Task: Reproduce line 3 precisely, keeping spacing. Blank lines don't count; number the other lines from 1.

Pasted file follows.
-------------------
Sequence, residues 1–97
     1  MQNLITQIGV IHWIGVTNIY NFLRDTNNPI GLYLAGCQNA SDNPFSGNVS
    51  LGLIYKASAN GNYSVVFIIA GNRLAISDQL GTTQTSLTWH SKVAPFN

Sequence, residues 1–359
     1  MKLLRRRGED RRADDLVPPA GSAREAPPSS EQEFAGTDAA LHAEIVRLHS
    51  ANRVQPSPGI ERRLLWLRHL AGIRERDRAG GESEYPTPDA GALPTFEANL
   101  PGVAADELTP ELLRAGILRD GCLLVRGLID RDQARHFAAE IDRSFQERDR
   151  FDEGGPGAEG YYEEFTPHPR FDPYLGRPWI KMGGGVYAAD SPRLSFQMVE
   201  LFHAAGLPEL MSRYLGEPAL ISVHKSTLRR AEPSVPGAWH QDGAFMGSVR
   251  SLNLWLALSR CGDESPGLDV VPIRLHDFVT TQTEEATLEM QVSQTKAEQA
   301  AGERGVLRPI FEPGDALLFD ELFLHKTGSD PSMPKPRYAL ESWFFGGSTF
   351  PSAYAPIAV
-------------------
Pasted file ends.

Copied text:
    51  LGLIYKASAN GNYSVVFIIA GNRLAISDQL GTTQTSLTWH SKVAPFN